A Buffet of Primate Studies

Brief presentations hint at the insights to be gleaned from a cornucopia of anthropological research.


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July-August 2018

Volume 106, Number 4
Page 198

DOI: 10.1511/2018.106.4.198

At a recent meeting of the American Association of Physical Anthropologists (AAPA), research groups presented studies that ranged from searching for signs of handedness in nonhuman primates to documenting unexpected materials in the primate diet. What follows is a small sampling of the many appealing projects discussed at that gathering.

One Hand or the Other

Sometime around their first birthday, human babies begin to show signs of handedness, the habitual preference for using one hand rather than the other. This preference may change for different tasks, but over the next several years it settles into a fixed choice. Yet other primates that use their hands like us, for all kinds of purposes, don’t exhibit this trait to anything like the extent seen in humans.

Among our closest living relatives, the chimpanzees (Pan troglodytes), some individuals may demonstrate a preference to use one hand or the other, but only for a particular task.

Working with Linda Marchant at the Miami University of Ohio and Robert O’Malley of George Washington University, undergraduates Emma Brzezinski and Nicole Schapker sifted through this behavior for evidence of any latent handedness. Using the Noldus software program, they analyzed about 50 hours of video footage of termite fishing from Gombe National Park in Tanzania. “In general, the more demanding a task is in cognitive terms, the more likely chimpanzees are to show a preference for using one hand or the other,“ Brzezinski says, but this inclination appeared only in slightly more than half the chimps studied. The tendency seems to fall short of widespread, innate handedness.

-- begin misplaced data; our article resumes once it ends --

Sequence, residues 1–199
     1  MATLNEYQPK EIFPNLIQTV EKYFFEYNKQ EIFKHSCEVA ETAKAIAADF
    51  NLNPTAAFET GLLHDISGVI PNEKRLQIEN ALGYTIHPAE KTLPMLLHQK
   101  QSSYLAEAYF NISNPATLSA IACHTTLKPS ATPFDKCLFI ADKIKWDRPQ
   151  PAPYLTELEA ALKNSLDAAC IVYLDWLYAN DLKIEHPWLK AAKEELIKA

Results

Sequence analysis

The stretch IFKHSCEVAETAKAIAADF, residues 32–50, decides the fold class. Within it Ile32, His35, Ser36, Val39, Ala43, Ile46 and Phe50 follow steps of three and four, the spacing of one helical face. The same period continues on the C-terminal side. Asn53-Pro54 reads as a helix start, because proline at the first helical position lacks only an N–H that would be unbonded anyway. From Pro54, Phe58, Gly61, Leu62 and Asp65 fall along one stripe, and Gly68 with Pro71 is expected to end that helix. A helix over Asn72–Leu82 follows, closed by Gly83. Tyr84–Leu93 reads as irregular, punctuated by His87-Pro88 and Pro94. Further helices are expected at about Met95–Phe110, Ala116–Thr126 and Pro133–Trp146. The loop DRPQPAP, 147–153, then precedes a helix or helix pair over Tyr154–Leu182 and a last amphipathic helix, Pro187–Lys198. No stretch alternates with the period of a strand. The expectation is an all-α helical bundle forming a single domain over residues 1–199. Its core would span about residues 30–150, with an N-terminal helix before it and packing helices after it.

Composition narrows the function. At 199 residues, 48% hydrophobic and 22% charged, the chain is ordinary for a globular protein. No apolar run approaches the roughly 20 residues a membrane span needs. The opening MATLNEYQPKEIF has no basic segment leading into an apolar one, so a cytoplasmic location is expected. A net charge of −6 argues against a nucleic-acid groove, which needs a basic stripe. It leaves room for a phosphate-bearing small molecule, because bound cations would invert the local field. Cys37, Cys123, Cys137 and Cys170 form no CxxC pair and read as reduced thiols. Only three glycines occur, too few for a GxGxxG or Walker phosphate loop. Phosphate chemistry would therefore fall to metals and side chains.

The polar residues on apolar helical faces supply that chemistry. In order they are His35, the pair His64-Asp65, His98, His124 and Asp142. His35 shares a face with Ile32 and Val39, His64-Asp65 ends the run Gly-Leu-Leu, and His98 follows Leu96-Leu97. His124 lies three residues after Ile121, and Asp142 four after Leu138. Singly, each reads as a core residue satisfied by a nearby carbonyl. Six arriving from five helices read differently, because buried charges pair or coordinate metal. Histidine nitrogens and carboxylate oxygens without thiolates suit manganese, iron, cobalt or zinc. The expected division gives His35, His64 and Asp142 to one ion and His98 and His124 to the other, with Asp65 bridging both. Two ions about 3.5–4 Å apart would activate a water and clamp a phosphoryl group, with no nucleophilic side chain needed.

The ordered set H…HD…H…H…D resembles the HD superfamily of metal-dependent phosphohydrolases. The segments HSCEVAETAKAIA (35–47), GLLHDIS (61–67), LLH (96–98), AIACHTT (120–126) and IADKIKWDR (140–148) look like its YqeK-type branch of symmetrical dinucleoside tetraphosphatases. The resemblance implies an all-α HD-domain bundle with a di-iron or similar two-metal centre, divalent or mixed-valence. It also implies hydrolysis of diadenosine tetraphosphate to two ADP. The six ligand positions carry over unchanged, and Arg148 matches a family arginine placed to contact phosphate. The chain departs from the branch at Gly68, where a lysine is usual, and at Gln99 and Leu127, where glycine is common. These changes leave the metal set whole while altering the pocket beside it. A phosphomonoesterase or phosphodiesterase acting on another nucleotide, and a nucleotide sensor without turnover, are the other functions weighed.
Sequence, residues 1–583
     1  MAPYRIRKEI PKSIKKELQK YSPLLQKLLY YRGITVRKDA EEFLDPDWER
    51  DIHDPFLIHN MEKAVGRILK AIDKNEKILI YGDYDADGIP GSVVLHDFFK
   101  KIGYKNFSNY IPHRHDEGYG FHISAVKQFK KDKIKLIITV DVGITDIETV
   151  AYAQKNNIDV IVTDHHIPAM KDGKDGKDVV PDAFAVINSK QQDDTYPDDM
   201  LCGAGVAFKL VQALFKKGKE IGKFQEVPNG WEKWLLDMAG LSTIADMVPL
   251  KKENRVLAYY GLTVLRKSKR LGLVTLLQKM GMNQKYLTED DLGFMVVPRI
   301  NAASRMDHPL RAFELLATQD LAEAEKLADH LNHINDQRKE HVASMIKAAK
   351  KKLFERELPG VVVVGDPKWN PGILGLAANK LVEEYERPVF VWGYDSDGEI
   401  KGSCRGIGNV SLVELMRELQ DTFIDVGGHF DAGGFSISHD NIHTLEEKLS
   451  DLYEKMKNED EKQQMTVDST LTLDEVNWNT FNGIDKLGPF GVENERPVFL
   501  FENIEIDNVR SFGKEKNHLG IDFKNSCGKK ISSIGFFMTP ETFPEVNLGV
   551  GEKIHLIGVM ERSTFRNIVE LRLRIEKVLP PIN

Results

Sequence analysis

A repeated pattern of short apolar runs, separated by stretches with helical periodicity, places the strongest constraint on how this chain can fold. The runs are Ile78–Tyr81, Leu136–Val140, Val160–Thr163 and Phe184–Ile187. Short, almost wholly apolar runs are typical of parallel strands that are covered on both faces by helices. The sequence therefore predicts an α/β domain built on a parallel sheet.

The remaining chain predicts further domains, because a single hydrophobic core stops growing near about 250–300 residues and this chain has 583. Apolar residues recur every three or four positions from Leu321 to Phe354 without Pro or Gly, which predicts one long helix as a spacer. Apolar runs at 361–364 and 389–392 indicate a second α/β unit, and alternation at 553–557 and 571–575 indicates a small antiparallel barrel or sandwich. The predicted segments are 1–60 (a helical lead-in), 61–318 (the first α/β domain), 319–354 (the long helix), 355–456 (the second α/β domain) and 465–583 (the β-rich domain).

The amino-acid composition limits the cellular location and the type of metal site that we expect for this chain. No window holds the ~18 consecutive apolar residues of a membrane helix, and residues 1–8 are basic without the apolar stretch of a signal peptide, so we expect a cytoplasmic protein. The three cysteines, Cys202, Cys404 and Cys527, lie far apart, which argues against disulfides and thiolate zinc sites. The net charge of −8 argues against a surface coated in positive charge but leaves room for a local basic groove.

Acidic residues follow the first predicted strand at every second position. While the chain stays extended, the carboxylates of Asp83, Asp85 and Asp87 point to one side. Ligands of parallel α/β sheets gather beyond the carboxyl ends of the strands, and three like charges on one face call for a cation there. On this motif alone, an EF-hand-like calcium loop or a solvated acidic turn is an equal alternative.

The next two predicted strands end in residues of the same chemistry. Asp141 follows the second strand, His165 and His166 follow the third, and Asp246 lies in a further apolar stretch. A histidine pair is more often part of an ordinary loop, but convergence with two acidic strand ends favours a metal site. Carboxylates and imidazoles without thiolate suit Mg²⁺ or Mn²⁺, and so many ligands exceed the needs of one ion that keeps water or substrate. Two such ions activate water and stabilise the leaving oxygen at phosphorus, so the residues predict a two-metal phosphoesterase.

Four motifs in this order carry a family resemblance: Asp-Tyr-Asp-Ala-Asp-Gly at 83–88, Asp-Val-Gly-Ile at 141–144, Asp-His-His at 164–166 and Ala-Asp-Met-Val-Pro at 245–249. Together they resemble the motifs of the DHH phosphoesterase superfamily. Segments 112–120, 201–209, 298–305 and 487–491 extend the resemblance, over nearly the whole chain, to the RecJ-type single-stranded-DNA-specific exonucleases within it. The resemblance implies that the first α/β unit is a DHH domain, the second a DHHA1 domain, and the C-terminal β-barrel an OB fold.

Luca Antonio Marino

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As for monkeys, one of the real standouts is the tufted capuchin (Sapajus spp.), the only New World monkey that habitually uses tools to obtain food. Tufted capuchins use sharp stones to dig for edible tubers and poke sticks into insect nests to extract prey. Psychologist and primatologist Dorothy Fragaszy of the University of Georgia has also seen tufted capuchins employing two rocks as a hammer and anvil to crack tough-shelled nuts. Individual monkeys typically prefer to use one hand or the other for a particular action; however, they may prefer different hands for different actions. As a population, they are not predominantly right-handed, as humans are.

Lemurs, too, are even-handed in their foraging, according to a presentation by Carly Batist of Central Washington University. In research for her master’s thesis, Batist carried out observations at the Duke Lemur Center in Durham, North Carolina, focusing on species that each occupy a distinct ecological and social niche: For example, sifakas (Propithecus spp.) prefer to eat leaves, whereas ruffed lemurs (Varecia spp.) eat mainly fruit; ring-tailed lemurs (Lemur catta) usually band together in large groups of up to 30 members, whereas various species of the so-called true lemur (Eulemur spp.) live in small, nuclear-family clusters.

Most of Batist’s research centered on a food-dispensing station within the lemur habitat. Batist watched as the lemurs learned to open a door and then grab the food. “Often they started out poking at it with both hands at random, but when either the right or the left hand finally succeeded in getting hold of food, the lemur then developed a preference for whichever hand was used on the first success,” she says.

Some individuals kept their two-handed approach when feeding at the station, but most ultimately came to use one hand or the other. Curiously, within family groups and within species, right- and left-handers more or less canceled each other out. As with any primates, though, some allowance must be made for sheer eccentricity. “Quite a few of them, especially the sifakas and ruffed lemurs, just stuck their whole face inside the device and used their mouths to retrieve the food,” says Batist. “That worked roughly as well as using a hand.”

Gadgetry, Grit, and Gristle